When Peter Jackson’s first Lord of the Rings film opened in December of 2001, I began a long tradition of associating Tolkien stories with the holiday season. I read all the books. My father re-read them. And for a few years seeing one of the Lord of the Rings films with my Dad became an important Christmas ritual.
This holiday season, I was excited to renew that tradition by seeing the newest Tolkien film, The Hobbit. In preparation, I started reading the book and I was pleased to discover that Mr. Bilbo Baggins is a foodie!
The Hobbit opens with a description of a hobbit-hole which means comfort. Shortly after that, 13 uninvited guests show up for tea and then stay for supper. In other words, it’s your typical day in the life of the Garlic, My Soul kitchen.
The first chapter of the Hobbit casually lists the menu for an impromptu tea with 13 dwarfs: tea; beer; seed-cakes; ale; porter; coffee; cakes; buttered scones; raspberry jam and apple-tart; mince-pies and cheese; eggs; cold chicken and pickles; and biscuits. That’s just one meal! If you’re like 10 million other people, and you saw the movie last weekend, you know there was a delightful scene in which Jackson captured the wealth of Bilbo Baggins’ well-stocked larder. All this got me thinking about the kinds of hearty, home-grown, comfort foods that hobbits must eat.
Right away, I thought of my favorite cold-weather comfort food, cassoulet. Cassoulet is a traditional French peasant dish that’s slow-cooked and features seasonal root vegetables, cannellini beans, and pork or duck. The peasant roots of this dish have always appealed to me, because its most important ingredients are interchangeable depending on whatever you might have on hand. I like to think a hobbit would also appreciate a dish that is at once so practical and so delicious.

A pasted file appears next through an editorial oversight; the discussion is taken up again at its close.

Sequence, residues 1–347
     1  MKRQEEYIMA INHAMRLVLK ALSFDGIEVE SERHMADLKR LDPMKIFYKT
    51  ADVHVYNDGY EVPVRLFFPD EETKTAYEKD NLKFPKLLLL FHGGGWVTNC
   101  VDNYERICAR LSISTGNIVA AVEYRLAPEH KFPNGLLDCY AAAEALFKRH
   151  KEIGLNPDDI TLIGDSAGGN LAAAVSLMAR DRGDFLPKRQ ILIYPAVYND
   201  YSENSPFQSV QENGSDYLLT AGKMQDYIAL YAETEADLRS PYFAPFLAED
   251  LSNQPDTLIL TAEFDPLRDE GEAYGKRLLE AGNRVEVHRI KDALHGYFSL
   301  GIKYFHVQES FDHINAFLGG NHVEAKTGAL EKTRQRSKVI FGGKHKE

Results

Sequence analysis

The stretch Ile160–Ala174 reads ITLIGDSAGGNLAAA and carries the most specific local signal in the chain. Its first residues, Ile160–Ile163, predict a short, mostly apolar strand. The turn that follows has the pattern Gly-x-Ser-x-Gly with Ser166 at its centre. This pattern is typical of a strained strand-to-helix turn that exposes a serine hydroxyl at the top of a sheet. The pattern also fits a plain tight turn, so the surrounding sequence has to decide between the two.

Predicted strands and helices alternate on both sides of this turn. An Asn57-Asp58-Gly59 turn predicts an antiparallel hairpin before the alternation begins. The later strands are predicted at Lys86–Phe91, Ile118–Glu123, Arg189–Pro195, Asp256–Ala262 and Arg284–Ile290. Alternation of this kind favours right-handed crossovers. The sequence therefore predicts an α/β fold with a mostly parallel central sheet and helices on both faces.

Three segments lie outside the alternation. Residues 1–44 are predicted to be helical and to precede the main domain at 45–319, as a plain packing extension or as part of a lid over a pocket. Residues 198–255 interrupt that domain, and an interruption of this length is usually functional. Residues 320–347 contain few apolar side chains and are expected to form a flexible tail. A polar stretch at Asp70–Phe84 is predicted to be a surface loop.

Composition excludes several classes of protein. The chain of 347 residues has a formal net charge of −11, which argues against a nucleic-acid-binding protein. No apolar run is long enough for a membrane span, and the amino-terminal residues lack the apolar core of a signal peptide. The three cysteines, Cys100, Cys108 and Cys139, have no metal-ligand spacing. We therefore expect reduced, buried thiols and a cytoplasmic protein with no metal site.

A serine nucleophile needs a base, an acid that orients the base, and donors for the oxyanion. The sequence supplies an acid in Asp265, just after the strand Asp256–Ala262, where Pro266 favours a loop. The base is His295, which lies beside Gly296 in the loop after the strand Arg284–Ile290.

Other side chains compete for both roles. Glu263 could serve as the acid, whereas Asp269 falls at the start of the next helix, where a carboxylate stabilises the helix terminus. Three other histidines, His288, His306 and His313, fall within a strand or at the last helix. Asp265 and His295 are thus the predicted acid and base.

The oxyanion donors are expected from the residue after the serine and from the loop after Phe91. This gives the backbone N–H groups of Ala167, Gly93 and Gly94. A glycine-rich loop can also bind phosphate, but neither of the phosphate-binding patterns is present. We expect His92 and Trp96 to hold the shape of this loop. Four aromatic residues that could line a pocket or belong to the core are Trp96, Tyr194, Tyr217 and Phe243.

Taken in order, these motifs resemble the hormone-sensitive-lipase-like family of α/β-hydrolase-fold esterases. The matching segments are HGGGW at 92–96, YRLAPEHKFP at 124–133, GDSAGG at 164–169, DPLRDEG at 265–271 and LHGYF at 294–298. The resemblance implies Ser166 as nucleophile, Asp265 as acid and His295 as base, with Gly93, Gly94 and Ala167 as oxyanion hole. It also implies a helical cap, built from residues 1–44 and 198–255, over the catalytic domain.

Now, I’ve made cassoulet before with spicy pork sausage using this recipe from Real Simple. This time, however, I substituted spicy lamb merguez sausage both to try something new and because it felt more hobbit-esque.
To accompany my lamb stew, I needed hearty homemade bread. This recipe from the Pioneer Woman for rosemary onion bread with blue cheese topping is an old favorite and seemed perfect for the job. I swear I saw a plate of these exact rolls being passed around by the dwarfs in the movie!
And to wash it all down? Ice cold beer of course. Hobbits are known to love their pints, so we made sure to include a brown ale with our hobbit meal!
In my mind, eating like a hobbit means eating comfort foods made with fresh, local ingredients. Fresh and local is always good, but it’s those comfort foods that warm our hearts and make it really feel like the holidays.
What are your seasonal favorites that could be Hobbit foods?